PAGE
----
Every technology is stamped with a singular mode of presence to the world, and constitutes a way of making it consist locally; it is at once cosmomorphic and ethopoïetic. In other words: it is understandable only in its relation with a form of life.
– Junius Frey
Miguel Abreu Gallery is pleased to announce the opening, on Thursday, October 21st, of Tishan Hsu’s skin-screen-grass, his first solo exhibition at the gallery. The show will be held at our 88 Eldridge Street location.
Over the last three years, with increasing focus and intensity, Tishan Hsu’s art has taken a turn towards exploring the vast possibilities of image production today, and how to introduce this all pervasive force into his work. With the steady development of ever more sophisticated image processing software, and quasi limitless access to photographic sources and electronic imagery afforded by new high resolution databases, Hsu’s palette has expanded exponentially to include a set of tools particularly well suited to engage with the concerns underlying his work since the beginning: How does the screen world affect cognition and our relation to our bodies? How can art channel omnipresent technological effects and reveal their immanent affective content? In other words, what kind of artistic forms might truthfully render this increasingly potent and palpable state of biomorphic affairs?
From the legacy of Minimalist presence and objecthood to the unbounded absorptive powers of screen imagery, illusionistic space, and interactivity, Hsu’s practice – perhaps more than any other artist working today – traces the vertiginous evolution from the affirmed contours of the specific object to the unstable shapes and liquified figurative fragments populating his new works. “So on the one hand,” Hsu has stated, “the work is recognizing itself as this object and at the same time there is an illusionary aspect, but that illusionary world is responding to the object, not another world.” This paradoxical problematic remains at the core of the artist’s output.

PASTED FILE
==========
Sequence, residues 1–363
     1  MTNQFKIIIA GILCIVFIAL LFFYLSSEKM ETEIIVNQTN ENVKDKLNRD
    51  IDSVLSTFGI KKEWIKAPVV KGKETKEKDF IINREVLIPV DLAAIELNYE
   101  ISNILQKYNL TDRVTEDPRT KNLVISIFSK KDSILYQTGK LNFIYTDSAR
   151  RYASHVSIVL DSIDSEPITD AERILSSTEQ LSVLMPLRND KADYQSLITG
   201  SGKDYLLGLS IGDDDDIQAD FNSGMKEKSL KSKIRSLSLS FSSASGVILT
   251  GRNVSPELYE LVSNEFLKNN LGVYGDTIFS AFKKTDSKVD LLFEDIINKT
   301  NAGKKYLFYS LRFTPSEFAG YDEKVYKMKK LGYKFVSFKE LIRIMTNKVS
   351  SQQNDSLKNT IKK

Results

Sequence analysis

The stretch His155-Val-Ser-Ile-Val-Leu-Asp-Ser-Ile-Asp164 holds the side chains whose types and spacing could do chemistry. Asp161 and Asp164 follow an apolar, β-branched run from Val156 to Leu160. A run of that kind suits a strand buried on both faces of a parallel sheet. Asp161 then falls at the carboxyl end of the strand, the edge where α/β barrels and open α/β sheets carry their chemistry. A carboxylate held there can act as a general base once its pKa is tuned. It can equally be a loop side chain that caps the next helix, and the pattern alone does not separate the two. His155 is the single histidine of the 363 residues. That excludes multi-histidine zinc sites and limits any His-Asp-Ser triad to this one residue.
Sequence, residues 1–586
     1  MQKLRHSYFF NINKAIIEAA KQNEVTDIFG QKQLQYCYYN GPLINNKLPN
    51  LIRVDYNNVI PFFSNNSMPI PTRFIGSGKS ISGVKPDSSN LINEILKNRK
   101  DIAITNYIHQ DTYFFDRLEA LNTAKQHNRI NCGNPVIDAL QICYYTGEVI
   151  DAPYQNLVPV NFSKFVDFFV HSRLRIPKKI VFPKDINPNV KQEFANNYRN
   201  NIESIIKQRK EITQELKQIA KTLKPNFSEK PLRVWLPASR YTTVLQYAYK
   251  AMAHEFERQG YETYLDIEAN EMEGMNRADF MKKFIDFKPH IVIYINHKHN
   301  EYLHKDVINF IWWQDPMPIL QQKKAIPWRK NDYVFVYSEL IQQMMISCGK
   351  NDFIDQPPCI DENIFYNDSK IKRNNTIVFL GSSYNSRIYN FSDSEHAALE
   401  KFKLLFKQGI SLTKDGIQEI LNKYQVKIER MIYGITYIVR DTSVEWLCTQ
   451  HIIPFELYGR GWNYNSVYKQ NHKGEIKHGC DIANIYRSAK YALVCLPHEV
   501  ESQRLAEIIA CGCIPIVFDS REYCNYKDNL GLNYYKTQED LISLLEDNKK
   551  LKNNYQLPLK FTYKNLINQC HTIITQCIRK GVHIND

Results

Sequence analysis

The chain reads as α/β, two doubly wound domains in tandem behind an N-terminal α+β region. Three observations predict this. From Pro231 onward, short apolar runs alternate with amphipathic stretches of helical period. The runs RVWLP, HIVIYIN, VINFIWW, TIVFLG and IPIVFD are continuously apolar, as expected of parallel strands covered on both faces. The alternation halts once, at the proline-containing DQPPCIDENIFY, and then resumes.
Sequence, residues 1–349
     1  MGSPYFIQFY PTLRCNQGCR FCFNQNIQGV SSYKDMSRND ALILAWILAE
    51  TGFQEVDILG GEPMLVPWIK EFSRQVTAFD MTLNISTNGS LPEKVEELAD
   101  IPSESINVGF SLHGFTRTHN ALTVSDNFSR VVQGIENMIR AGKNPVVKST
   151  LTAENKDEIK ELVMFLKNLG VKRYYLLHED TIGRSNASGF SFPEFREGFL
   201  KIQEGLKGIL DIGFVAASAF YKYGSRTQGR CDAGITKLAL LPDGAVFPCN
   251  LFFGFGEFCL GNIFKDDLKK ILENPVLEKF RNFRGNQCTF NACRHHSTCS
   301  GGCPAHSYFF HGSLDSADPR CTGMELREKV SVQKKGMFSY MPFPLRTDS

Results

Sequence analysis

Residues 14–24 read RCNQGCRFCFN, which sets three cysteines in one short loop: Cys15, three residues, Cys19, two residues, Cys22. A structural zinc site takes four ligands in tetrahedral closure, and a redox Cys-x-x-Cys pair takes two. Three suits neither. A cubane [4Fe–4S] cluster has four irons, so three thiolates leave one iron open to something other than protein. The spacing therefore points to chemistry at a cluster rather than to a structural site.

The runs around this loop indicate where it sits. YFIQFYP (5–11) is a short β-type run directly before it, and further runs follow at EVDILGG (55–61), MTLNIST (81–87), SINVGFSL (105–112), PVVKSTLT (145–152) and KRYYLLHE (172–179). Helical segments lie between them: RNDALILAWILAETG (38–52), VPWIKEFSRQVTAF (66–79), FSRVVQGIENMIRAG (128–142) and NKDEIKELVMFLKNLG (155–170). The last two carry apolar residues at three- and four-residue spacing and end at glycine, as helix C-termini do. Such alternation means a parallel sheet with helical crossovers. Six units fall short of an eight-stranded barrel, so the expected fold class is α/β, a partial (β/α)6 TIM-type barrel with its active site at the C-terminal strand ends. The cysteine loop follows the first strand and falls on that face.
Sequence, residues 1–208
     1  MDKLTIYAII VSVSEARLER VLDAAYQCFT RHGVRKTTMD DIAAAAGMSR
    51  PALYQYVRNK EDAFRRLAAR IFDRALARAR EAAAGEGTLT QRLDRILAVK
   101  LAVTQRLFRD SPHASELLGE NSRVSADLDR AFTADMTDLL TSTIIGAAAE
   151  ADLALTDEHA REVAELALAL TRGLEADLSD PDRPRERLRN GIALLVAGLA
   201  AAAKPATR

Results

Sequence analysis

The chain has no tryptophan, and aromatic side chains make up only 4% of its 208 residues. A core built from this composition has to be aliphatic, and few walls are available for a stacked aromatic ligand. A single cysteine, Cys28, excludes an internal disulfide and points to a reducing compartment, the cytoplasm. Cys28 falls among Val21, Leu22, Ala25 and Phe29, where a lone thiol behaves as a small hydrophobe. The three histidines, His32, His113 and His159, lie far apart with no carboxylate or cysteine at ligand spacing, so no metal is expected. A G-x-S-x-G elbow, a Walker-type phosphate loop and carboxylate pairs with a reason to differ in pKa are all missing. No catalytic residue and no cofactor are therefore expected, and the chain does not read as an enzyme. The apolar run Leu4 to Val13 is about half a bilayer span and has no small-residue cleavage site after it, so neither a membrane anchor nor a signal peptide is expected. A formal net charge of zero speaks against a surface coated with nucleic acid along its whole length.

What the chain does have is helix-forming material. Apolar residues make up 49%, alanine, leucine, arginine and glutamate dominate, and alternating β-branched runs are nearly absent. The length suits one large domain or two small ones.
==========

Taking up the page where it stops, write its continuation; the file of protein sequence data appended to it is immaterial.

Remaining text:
With remarkable subtlety, Hsu suspends established definitions of the traditional mediums of painting and sculpture by integrating unlikely materials and combining innovative fabrication techniques to achieve these haunting new works. In Watching 1, for instance, the composition brings together a frieze of surveillance footage from a recent Black Lives Matter protest and a screen image of closed eyes, situated within an all-over motif of warped architectural screen layered on top of what looks like human skin. Strange relief surface effects made with silicone erupt out of the smooth picture plane, distending the work’s sense of a structurally self-contained or uncorrupted body.
The exhibition features paintings, sculptures, drawings, and Grass-Screen-Skin: New York, a large-scale wall piece that leads to an external video.
Tishan Hsu (b. 1951, Boston) studied environmental design and architecture at MIT and received his BSAD in 1973 and M.Arch in 1975. He moved to New York in 1979, where he currently resides. His first exhibition in New York was at Pat Hearn Gallery, and in 1987, he had a one-person show at Leo Castelli. Since the mid-1980s, he has shown extensively in the United States, Europe, and Mexico. Tishan Hsu: Liquid Circuit, his first survey exhibition in the United States, curated by Sohrab Mohebbi, was held at the Hammer Museum, Los Angeles (2020) and SculptureCenter, New York (2020–21). Hsu’s work was included in the 13th Gwangju Biennale, Minds Rising, Spirits Tuning (2021). Selected public collections include The Metropolitan Museum of Art, New York; Centre Pompidou, Paris; Museum für Moderne Kunst (MMK), Frankfurt am Main; Whitney Museum of American Art, New York; High Museum, Atlanta; Terra Museum, Mexico City; Museum of Contemporary Art, Los Angeles; Museum of Contemporary Art, North Miami; The Rubell Family Collection, Miami; and the Weisman Art Museum, Minneapolis.